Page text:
What is inter-cultural intelligence and how does it impact business?
As a business leader you can ruin a chance to gain a new client or resolve a problem the moment you meet, even before you’ve sat down to start negotiations.
Subtle differences in the expectations, actions and reactions that you have with others, can be all it takes to get your discussions off to the right start, or end your chances completely.
Whilst it’s true that people are generally the same the world over, there are many nuances and cultural facets that are ingrained in people common with those around them and not knowing these can show a lack of understanding or care to reflect the most basic expectations you’re expected to bring to the table.
Do you bow or handshake when you meet? How firm a grip and for how long do you shake their hand? How do you greet a member of the opposite sex? How do you address someone at a different level of seniority? Do you or they speak first? A first moment can be fraught with opportunities to comfort and delight, or to disappoint and insult.
With an interconnected world, international trade and more mobile workforces, the importance of inter-cultural intelligence has never been higher. It’s seen all the way up to the top level, with global leaders making miss-steps that should have been better briefed.
What is inter-cultural intelligence?
Inter-cultural intelligence (ICI) can be defined as ‘the ability to understand and interpret somebody else’s behaviour and to adjust your own behaviour accordingly’. In other words – it’s showing empathy. Having the right tools in your empathy toolkit to show the appropriate action or response to a given situation is important because the majority of human interaction is what we do, not what we say. We are hard-wired to respond to those most like us and favour those with whom we have shared experience, a connection.
Luckily there’s some fairly simple and well-worn tools that can help interpret inter-cultural situations. The Three Colors of Worldview* looks at situations from 3 aspects, filters through which people view the world and decide how to act. Each is formed from some basic assumptions and beliefs underlying behaviour and culture.
Every culture comprises a mix of the following:
1. A Guilt-Innocence worldview, in which rules and regulations are highly valued, as are written contracts. American and British culture is highly litigious – there’s a law for most things and the rule of law is seen to provide protection and the framework that underpins business.
2. An Honor-Shame worldview which is relationship-driven and concerned with making honourable choices. This is a big part of Japanese culture and the Indian sub-continent. It can be shameful for someone to say they don’t know or didn’t act upon something.
3. A Power-Fear worldview, in which the individual is concerned with who is more or less powerful than them, and where they personally fit into that structure. There is a story of a fateful plane crash where the co-pilot couldn’t bring himself to argue with his captain when he had made a bad piloting decision, because of the culture of hierarchy.
At first glance, depending on your own cultural education, some of these aspects can seem important and others not, but consider what you know from another cultural window, the movies. Would you commit Hari Kari for your shame as in Merry Christmas Mr Lawrence?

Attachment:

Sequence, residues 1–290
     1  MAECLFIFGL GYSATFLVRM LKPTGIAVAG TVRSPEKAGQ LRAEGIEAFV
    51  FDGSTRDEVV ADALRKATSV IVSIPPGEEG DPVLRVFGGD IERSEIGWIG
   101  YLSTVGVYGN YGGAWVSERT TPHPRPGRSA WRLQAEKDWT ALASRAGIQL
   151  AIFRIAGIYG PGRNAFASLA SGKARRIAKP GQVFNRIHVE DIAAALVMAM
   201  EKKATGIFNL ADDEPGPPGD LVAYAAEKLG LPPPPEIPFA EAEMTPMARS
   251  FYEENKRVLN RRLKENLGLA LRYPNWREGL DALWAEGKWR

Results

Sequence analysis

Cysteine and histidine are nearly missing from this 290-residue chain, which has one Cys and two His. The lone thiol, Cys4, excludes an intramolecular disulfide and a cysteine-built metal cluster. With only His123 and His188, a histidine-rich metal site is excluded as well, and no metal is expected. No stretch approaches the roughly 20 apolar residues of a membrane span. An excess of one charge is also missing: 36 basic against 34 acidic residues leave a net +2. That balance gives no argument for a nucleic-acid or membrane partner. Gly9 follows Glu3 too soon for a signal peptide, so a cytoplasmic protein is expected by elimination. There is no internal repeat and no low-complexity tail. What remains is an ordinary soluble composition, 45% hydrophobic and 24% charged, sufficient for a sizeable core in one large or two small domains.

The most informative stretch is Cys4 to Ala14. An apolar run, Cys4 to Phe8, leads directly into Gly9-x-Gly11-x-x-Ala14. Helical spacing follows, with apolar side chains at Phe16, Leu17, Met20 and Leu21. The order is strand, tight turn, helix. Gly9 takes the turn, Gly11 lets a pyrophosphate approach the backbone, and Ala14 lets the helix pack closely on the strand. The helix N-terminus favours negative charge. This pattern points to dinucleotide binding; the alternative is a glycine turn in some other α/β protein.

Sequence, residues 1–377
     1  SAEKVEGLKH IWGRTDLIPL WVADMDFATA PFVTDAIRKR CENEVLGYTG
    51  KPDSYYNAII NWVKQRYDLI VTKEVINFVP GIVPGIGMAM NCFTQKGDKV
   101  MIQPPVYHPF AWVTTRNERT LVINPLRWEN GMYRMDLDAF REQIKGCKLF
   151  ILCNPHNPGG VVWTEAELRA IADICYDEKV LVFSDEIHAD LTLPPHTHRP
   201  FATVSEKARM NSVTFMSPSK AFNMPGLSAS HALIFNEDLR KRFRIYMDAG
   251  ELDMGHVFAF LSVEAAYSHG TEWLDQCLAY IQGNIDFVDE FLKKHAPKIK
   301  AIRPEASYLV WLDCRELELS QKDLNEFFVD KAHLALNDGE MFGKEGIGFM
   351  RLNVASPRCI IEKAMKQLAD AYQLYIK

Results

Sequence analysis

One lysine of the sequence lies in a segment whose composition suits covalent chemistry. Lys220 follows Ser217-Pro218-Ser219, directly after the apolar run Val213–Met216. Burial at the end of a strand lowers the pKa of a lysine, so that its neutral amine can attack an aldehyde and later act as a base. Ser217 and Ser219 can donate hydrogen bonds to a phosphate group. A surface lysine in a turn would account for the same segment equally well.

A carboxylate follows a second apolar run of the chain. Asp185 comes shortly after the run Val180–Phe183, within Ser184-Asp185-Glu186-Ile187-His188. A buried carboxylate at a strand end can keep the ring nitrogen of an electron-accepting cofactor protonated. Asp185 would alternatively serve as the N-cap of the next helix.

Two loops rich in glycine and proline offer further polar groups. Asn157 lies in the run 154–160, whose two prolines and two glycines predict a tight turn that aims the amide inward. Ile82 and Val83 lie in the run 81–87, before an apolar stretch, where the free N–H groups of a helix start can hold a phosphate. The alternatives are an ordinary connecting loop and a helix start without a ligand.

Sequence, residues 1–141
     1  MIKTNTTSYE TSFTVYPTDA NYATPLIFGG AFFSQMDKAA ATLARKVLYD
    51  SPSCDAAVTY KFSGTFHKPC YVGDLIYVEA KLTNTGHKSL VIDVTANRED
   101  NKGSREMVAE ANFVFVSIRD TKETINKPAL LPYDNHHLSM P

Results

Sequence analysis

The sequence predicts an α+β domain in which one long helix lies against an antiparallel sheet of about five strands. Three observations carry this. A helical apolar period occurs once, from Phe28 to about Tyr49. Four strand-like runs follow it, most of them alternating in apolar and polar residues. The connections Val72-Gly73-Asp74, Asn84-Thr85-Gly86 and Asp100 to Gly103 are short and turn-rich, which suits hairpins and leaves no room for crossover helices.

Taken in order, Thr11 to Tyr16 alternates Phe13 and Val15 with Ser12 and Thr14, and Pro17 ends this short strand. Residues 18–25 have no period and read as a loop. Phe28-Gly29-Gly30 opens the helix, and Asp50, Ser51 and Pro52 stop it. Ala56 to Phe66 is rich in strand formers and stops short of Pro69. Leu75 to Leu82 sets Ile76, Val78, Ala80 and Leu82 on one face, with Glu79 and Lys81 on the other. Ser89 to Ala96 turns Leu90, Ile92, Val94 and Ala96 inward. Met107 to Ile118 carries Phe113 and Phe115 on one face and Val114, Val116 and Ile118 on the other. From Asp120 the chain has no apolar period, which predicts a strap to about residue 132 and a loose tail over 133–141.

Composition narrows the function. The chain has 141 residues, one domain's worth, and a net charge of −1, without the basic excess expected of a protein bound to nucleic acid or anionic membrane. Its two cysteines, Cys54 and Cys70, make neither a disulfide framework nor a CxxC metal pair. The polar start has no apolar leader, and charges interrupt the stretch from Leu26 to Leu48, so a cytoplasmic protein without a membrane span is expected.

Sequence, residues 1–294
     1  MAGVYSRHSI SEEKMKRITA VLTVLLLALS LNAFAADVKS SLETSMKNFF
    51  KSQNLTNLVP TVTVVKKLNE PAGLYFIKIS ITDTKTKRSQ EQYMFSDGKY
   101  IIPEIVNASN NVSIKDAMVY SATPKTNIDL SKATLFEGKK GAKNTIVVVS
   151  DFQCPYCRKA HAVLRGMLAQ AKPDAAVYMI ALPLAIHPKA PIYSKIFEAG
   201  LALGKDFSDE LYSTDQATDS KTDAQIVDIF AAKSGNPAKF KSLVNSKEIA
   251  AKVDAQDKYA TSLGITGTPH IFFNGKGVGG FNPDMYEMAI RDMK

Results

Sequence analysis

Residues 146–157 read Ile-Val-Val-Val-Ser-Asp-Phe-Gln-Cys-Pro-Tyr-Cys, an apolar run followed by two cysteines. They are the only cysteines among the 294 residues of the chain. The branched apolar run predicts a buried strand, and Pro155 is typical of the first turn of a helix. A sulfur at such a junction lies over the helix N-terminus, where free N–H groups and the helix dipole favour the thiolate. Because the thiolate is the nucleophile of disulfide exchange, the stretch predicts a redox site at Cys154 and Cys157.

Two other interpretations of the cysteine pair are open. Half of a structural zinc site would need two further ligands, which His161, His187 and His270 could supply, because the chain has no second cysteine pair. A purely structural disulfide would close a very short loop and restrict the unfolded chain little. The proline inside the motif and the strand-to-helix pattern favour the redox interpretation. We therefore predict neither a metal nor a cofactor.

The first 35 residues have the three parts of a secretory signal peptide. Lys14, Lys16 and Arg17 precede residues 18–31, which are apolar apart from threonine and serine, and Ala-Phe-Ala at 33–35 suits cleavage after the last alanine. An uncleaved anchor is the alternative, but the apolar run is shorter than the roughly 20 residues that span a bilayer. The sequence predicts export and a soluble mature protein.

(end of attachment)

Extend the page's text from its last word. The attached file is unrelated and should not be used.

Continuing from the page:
As in watching movies, the more we are exposed to alternative cultures and the expectations from them, the more familiar they become and the easier it is to accommodate other cultural behaviours naturally into our actions.
So, what does this mean for a leader?
Leaders set not only the rules of the office, but generally also too the tone of what’s expected. What the leader is seen to care about becomes the norm. A potential partner or employee from another culture will see clues to whether their experience with your company will be comfortable or painful, often basing whole decisions on first impressions.
A leader should also know how to get the best out of their team, and employees will go the extra mile when they feel valued and respected, which they will if their inter-cultural needs are taken into account.
What does this mean for day to day business practices?
Amal from MBD has spent a long time in the Middle East and come to understand that there are many differing attitudes to the correct way to do business. “Not only is the UAE set in the heart of Arabia, it is also at the crossroads of East and West, North and South, close to Africa and Asia and has become a hub for global business practices.
As a person with a British background time keeping is one of the big areas of difference I’ve noticed. There can be a more ‘relaxed’ interpretation with regard to what meeting times actually mean. It can infuriate the part of me related to the guilt-innocence worldview. I see it as a sign of rudeness whereas sometimes a more leisurely approach is expected – but that still winds me up!”
Dubai may seem far away if you’re in Durham, but as the trend for mass movement of workers continues to rise and in order to thrive in the global economy post-Brexit, your employees and customers, or even your next boss or client could come from anywhere.
To learn how a greater understanding of inter-cultural intelligence can you’re your organisation thrive, please contact Amal for a free initial consultation.
*The Three Colors of Worldview is a tool by Knowledge Workx. http://knowledgeworkx.com (embed link)